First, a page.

Last updated on February 9th, 2015
I’m like a lost soul now that I have finished Blood, Bones & Butter: The Inadvertent Education of a Reluctant Chef. Chef Gabrielle Hamilton’s memoir was so engrossing that I was crawling into bed early to read and long, subway rides from Washington Heights suddenly seemed too short. That unto itself should merit some special book award.
Hamilton’s memoir is triptych. Bones details her idyllic childhood in rural Pennsylvania and its sudden crash and burn when her parents divorced. She was mostly left to fend for herself at the too-tender age of 12 and began lying about her age in order to work, which is how she was introduced to the restaurant world. Hamilton writes about moving to the dirty New York of the 1980s, waitressing, drug abuse, and a crisis crossroads, which ultimately sent her traveling the world.
Blood is the story of Prune, her much-celebrated restaurant in the East Village that is as tiny and perfect as it was when she opened 10 years ago on impulsive instinct. Butter would really be more aptly described as “Olive Oil” as it focuses on her summer sojourns in Puglia with her husband’s Italian family.
Here’s the thing about this book: Hamilton can write. Like really, really write, not just chronicle her life, or be self-aware enough to bring poignancy to her experiences. (She also happens to have an MFA in Fiction.) It’s almost maddening that she can be both a talented chef and such a phenomenal writer. So really, this book is no way limited to those who are interested in food.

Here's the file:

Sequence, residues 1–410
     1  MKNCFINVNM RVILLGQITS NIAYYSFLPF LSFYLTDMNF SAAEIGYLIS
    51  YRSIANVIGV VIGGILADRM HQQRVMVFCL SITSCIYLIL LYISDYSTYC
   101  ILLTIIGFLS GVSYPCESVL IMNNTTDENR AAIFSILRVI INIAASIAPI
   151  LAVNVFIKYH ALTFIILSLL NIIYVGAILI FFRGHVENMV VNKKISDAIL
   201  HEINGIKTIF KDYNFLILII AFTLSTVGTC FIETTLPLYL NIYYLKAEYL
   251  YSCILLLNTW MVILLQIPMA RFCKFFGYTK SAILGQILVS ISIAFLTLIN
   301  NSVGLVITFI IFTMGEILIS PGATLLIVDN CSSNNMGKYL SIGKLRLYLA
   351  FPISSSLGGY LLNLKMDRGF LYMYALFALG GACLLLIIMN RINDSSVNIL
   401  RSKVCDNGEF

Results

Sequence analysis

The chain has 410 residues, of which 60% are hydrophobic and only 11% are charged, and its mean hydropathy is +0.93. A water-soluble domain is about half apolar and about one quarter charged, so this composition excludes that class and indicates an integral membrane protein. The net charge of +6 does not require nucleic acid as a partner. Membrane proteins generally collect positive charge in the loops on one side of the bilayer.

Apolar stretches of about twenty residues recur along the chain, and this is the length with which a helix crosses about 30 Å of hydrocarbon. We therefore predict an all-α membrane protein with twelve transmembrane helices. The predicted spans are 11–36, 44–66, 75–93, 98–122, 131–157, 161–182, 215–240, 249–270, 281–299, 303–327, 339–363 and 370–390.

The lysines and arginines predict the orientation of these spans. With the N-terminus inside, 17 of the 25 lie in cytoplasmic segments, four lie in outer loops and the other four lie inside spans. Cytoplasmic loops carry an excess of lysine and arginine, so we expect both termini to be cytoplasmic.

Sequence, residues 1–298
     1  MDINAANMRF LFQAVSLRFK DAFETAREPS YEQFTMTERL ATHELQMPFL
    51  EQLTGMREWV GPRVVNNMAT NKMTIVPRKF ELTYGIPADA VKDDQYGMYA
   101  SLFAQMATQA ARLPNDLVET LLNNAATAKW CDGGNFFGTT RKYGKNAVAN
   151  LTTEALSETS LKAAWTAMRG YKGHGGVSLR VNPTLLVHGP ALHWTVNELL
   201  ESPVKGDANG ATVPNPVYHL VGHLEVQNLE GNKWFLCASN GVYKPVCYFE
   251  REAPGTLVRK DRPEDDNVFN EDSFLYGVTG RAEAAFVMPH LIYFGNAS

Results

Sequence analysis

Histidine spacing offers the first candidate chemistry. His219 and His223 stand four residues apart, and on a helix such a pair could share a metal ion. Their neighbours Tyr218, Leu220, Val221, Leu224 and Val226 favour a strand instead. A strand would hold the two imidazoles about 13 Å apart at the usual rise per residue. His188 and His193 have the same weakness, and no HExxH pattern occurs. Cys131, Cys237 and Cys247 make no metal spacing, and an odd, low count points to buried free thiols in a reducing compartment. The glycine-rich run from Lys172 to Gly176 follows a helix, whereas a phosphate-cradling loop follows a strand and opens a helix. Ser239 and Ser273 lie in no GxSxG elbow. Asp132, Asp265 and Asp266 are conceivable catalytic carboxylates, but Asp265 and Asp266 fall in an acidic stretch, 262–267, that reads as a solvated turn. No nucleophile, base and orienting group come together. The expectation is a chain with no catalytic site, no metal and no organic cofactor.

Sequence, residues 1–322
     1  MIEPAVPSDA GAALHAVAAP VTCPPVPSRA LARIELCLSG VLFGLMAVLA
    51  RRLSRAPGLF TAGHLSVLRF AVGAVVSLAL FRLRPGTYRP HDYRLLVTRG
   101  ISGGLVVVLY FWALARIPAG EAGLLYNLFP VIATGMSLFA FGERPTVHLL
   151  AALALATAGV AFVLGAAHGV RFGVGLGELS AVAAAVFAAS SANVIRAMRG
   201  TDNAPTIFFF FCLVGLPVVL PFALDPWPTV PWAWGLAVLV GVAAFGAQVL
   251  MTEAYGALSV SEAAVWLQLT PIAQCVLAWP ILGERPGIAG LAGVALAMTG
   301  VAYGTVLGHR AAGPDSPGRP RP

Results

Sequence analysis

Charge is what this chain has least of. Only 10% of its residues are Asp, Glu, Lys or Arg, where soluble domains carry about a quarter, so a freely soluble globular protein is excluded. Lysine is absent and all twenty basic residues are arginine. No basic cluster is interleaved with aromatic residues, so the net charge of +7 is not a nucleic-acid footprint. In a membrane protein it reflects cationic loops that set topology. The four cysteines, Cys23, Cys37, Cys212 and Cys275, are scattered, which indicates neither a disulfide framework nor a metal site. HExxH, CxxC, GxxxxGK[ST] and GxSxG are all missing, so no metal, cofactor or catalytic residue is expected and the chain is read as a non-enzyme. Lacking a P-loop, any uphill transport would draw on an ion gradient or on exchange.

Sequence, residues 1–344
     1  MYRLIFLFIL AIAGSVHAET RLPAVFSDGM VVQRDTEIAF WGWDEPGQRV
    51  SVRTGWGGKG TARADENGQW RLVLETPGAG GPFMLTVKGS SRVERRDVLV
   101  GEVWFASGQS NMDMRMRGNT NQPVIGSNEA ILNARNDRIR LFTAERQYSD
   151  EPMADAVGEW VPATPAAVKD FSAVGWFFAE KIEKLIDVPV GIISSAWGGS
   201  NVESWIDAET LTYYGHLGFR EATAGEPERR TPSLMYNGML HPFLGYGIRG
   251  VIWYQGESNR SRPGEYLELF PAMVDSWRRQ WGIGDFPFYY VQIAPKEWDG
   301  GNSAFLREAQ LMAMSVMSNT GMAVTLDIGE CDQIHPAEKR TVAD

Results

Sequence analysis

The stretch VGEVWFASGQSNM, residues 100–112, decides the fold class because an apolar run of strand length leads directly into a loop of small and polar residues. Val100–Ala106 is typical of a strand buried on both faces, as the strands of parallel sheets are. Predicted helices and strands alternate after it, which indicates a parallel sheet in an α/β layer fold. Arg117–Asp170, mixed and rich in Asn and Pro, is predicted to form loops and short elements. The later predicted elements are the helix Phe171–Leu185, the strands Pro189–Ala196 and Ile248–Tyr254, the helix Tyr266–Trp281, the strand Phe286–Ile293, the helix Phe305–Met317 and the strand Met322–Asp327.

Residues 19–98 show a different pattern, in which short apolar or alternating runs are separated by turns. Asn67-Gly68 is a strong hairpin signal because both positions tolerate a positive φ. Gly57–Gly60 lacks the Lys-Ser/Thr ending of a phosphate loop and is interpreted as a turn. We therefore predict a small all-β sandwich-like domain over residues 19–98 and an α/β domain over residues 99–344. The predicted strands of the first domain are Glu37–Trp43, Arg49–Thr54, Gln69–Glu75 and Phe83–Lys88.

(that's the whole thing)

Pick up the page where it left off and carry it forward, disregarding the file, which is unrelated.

The entire narrative unfurls from the magnificent summer lamb roasts her parents would host annually for more than 100 of their friends. Drawing from this, her life’s story becomes an exploration of everything that influenced the menu at Prune. The lamb roasts, the catering jobs, the simple restaurant on a Greek island where she spent a summer, and even her hunger during the long, lean years of Hamilton’s difficult youth. This is why you won’t find froths or food cooked in an immersion circulator at Prune. Her cooking is driven as much by what she has enjoyed as what she craved.
There would be no foam and no “conceptual” or “intellectual” food: just the salty, sweet, starchy, brothy, crispy things that one craves when one is actually hungry.
The lamb roasts of her childhood transcend into the magnificent feasts at the Italian villa where she spends each summer with her beloved mother-in-law. Each year, she begs her husband for the opportunity to cook one of these feasts and annually, he thwarts her efforts. This unfulfilled desire embodies so much of what Hamilton shares with us throughout her memoir.
Blood, Bones and Butter is rich with experiences and while Hamilton’s candid, she doesn’t always share the full story. While some deemed this a bit unsatisfying, I felt that every memory and detail was well-crafted. Sure, it would have been interesting to know why she and her husband didn’t actually live together during much of their marriage, but ultimately, that didn’t serve the larger story. What did was the way her husband found the perfect Italian deli at a point of breakdown, demonstrating his way of surprising her and coming through in a pinch.
While many memoirs today feel somewhat ephemeral, I believe Blood, Bones and Butter will stand up for a long time. There’s nothing trendy about Gabrielle Hamilton. Her prose is as smooth as a warm knife through butter and her approach to cooking is timeless.